Between land and sea, la Manche is a generous land, with breath-taking landscapes...


Discover the bays of Quervière or Ecalgrain, visit the lighthouse of Goury, take in the view from the top of the granite cliff of Jobourg, 128 metres above sea level... Take a walk in the dunes of Biville, or between the gorse and the heather around the megalithic stones “Pierres Pouquelées”. Follow a path along dry stone walls in this area also called “little Ireland”.

During your stay in la Hague, you will find many hidden treasures, and fall under the spell of charming hamlets, with their low houses, nestled away from the wind.



A selection of favourite sites… amongst many others!


Parks and gardens of la Hague


La Hague, well known for its wind-beaten headlands, also enjoys a particularly mild climate. Bordered by the Gulf Stream, it is a land where enthusiastic botanists have grown exotic plants from the southern hemisphere like the botanical garden of Vauville, surrounding the family chateau. Other gems include the park of Nacqueville chateau, the garden of Jacques Prévert…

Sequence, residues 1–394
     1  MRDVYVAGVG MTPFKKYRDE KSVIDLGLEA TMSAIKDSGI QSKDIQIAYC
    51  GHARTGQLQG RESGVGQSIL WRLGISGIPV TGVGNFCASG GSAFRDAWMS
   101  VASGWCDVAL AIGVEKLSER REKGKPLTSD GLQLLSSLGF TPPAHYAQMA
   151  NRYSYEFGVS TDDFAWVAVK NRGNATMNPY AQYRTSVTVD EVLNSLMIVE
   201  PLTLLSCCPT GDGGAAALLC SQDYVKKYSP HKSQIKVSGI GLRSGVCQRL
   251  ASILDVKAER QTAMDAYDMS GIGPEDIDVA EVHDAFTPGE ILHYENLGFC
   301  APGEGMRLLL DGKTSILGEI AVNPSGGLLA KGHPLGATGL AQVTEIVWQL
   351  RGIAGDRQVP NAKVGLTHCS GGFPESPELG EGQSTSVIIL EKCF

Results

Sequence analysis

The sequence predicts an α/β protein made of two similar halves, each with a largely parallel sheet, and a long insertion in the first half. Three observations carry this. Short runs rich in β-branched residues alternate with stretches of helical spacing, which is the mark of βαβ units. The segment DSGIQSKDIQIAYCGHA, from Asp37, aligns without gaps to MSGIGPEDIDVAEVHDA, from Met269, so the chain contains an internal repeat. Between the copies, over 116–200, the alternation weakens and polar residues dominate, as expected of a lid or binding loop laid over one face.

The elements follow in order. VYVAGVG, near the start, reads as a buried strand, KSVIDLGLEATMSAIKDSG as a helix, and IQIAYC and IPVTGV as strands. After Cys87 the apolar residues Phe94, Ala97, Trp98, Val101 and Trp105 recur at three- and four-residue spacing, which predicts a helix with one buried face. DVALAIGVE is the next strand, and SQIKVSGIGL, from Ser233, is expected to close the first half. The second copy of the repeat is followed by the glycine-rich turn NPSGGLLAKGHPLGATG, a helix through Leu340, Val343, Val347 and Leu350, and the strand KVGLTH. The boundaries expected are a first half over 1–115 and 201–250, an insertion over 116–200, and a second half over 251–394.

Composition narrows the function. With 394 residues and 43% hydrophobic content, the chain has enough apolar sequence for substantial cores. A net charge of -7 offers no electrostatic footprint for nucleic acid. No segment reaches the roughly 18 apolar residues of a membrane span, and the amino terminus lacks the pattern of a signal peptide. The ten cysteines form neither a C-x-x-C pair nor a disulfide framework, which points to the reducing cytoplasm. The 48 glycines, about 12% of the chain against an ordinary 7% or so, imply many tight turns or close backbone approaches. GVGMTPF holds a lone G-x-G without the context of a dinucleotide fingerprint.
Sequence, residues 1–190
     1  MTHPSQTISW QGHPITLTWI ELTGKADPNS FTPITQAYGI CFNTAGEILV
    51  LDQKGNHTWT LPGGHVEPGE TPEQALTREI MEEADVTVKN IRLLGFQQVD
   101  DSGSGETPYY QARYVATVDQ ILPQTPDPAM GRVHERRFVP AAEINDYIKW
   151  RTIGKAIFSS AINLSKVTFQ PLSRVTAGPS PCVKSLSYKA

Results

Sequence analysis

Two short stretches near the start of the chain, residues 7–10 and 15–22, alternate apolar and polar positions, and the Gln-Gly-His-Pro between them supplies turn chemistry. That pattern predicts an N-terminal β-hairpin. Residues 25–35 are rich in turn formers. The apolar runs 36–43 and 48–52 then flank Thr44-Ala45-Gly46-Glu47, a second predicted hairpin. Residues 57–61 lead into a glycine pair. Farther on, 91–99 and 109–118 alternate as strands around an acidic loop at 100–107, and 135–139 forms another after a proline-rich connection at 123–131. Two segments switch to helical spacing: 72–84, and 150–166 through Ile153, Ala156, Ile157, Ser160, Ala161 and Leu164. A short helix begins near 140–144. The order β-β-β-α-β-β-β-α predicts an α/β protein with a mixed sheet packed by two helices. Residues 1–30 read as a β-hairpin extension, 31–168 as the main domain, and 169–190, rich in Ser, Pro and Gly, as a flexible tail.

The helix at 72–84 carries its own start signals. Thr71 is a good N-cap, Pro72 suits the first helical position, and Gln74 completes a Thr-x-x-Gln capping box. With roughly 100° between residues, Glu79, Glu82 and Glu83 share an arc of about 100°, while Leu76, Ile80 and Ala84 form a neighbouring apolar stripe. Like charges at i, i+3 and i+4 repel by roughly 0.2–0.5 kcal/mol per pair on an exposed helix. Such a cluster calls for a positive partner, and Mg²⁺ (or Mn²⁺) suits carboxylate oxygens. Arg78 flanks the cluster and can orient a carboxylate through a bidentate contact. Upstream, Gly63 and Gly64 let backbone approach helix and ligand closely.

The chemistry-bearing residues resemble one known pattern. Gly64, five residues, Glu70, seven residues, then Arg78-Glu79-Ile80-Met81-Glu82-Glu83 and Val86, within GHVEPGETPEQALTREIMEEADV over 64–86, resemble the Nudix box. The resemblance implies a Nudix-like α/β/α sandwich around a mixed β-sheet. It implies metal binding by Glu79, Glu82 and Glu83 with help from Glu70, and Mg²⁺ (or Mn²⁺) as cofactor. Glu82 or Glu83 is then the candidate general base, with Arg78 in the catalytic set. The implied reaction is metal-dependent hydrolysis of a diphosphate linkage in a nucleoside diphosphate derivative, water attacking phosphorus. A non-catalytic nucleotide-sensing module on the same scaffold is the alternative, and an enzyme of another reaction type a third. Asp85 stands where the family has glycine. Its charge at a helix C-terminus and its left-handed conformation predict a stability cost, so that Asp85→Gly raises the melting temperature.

A tribute to Prévert


In the 1930s, Jacques Prévert and his friends fell in love with this little piece of paradise: the tip of la Hague. In 1971, the poet purchased a house in Omonville-la-Petite, where he lived until he died in April 1977. Prévert was buried in the village cemetery, next to his wife Janine and their daughter Michelle. The house was converted into a museum, devoted to the poet. The unusual garden, situated in the “valley of the mill” is also dedicated to him and features Prévert’s favourite plants. It was created by Gérard Fusberti, who appealed to the poet’s entourage – Janine Prévert, Yves Montand, Ursula Vian, Juliette Gréco, Picasso...


The ports


Port du Hâble, port Racine, Goury, Diélette... Facing the Channel Islands, along 80 kilometres of coast and despite the strong currents at Raz Blanchard, many boats find in la Hague welcoming natural harbours: from modest fishing boats taking shelter in port Racine (the smallest port in France), to beautiful sailing boats tied to the pontoons of Port-Diélette.



The hamlets of la Hague


Typical of the region, the hamlets of la Hague are great to visit during a leisurely walk. Huddled against each other, the traditional houses form small hamlets, taking shelter from strong winds. In Herqueville, Jobourg, Auderville,or Omonville-la-Rogue houses are low, made of sandstone and schist. These were a favoured subject for the famous painter Jean-François Millet, born in Gréville-Hague, in a hamlet named Gruchy; Millet also painted the Angelus.